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Time to build up strength

2020-04-11 | Global News

It is impossible to "play down" both the situation we are living in and the challenges and responsibilities that will follow from it. After the slaughter, comes the biggest attack since the end of world war two on the living conditions and basic needs of the workers. The worldwide wave of strikes and struggles that we are experiencing must serve as an accumulation of the forces needed to confront the post-epidemic world.

An epidemic that decimates the working class

The map of the evolution of the pandemic is atrocious. Yesterday, the United States reached 2,000 deaths in a single day, Great Britain a thousand, and Spain continues to add more than 500 deaths every day. The debates in Spain and Germany, like the upward corrections in France, can only increase the seriousness of what we are experiencing.

Those who said at the beginning that the epidemic was "democratic" did not realize how right they were. At this point it is a truism that Covid is deadlier where living and working conditions are worse and for those who, when they reach a certain age, end up confined to residences that are nothing but modern hospices. Be it in the US, Britain or Spain. And the fact is that, in a terrible way, class differences have once again proven to be above national differences. However, the media and the selection of statistics have not ceased in their constant effort to continue hiding it. The last attempt is to count the massacre of workers and the excluded in the United States, as if it were a result of race, desperately skirting the fact that the statistical differences express nothing other than the racialization of certain sectors of the American working class.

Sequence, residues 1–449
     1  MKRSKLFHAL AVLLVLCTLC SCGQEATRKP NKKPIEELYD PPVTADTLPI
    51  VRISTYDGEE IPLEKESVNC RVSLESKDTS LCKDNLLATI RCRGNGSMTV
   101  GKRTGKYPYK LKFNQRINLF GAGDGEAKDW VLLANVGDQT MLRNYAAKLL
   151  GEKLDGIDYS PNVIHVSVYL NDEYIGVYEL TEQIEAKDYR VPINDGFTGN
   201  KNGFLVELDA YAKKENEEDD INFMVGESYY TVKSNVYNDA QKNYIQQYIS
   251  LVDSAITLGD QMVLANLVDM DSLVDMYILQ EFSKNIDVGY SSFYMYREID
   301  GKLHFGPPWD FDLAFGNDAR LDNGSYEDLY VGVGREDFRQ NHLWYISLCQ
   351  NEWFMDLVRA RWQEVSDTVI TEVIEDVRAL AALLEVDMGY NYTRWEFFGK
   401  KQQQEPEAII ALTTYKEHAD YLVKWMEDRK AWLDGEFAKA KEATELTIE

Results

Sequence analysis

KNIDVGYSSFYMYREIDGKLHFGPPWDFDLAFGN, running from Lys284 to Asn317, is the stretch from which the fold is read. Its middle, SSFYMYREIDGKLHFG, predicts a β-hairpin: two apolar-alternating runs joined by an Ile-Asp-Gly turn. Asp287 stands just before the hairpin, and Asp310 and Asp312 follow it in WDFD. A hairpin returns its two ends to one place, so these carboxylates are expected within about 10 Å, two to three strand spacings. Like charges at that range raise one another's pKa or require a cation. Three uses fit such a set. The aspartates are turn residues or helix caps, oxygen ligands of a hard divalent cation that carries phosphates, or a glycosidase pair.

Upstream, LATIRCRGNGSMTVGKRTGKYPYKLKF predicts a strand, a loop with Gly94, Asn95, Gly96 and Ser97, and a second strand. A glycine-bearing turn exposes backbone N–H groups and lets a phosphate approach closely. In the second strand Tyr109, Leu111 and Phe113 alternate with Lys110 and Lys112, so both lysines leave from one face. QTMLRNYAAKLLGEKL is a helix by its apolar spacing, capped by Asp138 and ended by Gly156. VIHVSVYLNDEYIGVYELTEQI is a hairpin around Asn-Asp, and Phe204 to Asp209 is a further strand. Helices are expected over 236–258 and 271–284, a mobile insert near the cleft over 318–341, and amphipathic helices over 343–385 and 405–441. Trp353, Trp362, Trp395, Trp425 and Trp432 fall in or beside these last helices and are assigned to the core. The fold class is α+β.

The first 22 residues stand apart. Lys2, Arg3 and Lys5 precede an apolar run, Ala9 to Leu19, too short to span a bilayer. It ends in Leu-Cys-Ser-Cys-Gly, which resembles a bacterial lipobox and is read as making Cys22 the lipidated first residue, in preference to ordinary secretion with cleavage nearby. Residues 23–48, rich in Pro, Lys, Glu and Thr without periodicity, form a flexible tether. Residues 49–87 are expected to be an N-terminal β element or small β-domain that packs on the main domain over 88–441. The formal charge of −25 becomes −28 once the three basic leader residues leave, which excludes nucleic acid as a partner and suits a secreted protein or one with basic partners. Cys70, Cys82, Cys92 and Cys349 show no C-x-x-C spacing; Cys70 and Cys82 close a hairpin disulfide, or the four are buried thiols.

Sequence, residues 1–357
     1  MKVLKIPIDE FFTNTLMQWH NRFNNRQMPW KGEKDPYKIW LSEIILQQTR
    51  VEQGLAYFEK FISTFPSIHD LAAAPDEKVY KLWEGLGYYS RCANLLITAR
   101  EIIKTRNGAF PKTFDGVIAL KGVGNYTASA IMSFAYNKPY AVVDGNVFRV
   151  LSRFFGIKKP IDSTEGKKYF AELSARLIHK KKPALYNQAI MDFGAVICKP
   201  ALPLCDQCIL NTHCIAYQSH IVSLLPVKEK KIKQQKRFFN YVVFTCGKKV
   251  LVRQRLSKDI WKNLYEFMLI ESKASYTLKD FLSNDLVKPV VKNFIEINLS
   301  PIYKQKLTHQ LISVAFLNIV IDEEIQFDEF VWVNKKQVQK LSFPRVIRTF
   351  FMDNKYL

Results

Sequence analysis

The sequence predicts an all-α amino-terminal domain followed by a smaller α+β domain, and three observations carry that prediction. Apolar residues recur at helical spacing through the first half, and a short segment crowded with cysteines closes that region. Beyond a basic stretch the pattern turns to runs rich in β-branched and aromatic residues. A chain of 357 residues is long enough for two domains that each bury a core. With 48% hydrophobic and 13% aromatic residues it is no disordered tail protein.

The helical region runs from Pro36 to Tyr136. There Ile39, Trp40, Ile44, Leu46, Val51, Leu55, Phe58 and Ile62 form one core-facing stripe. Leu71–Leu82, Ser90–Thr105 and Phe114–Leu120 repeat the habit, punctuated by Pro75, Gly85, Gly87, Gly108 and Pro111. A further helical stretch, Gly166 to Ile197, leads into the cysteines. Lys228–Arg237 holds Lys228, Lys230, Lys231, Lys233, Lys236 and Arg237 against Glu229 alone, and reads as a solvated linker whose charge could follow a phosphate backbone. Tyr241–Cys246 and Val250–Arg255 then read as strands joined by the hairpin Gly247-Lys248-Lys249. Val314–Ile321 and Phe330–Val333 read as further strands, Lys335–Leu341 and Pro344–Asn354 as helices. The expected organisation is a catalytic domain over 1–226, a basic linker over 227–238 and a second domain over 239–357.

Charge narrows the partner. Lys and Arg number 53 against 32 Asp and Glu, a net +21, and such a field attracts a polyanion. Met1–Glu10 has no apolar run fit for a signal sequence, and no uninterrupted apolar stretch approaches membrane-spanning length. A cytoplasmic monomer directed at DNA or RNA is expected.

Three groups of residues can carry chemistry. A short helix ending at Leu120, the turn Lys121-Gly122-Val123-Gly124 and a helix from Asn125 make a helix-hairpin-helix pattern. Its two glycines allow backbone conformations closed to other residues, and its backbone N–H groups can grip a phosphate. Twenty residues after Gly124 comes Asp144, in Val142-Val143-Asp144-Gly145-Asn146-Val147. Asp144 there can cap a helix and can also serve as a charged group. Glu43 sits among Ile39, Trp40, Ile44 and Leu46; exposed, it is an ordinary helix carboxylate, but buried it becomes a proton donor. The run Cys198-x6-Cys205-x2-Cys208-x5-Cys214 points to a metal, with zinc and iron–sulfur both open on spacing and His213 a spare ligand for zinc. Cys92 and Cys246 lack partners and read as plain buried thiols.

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Class struggle for and during confinement

No wonder the working class around the world has reacted to the global threat with a simultaneous and massive outbreak of strikes aimed at stopping disease spread in non-essential workplaces.

Struggles that are spreading to essential services as well, as companies begin to accumulate wage arrears. The response, as we saw this week at Argentina's meatpacking plants, has been instantaneous: layoffs, police repression... and new strikes.

This is a significant fact that gives us a clue as to what the post-epidemic world will be like. From Argentina to Armenia or the Philippines, the restriction of freedoms and the increase in repression have very possibly come to stay. Restrictions on the mobility of workers - even within the EU - are also a factor. And especially the "war against refugees and migrants", as we already see in Italy or Great Britain, where the anti-migration policy continues to charge even against health personnel.

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An unstoppable recession aggravated by imperialist conflict and petty bourgeois revolt

Mario Centeno, president of the Eurogroup.

The recession is already a fact from South Africa to the US, where almost 18 million workers have already asked for unemployment benefits. France had the biggest drop in quarterly GDP since the strikes of 1968, 6%, Germany already predicts a drop in GDP of 4.2% by 2020 and Spain would reach 9% and would have four million more unemployed.

And within that framework, this week's EU summit ended, as expected, laying the groundwork for a worsening of the recession already underway in Europe. This time, rather than Germany, it was the "small" imperialisms within the union - the Netherlands, Austria, Sweden and Denmark - that pushed until the end to turn the funding of the crisis into a weapon against their southern neighbors. The agreement finally reached, which puts a loan limit of 2% of its GDP to each country, is manifestly insufficient for the financing that Italy or Spain have already undertaken, but also for that which France calculated as necessary for itself. The foreseeable result is a new sovereign debt crisis.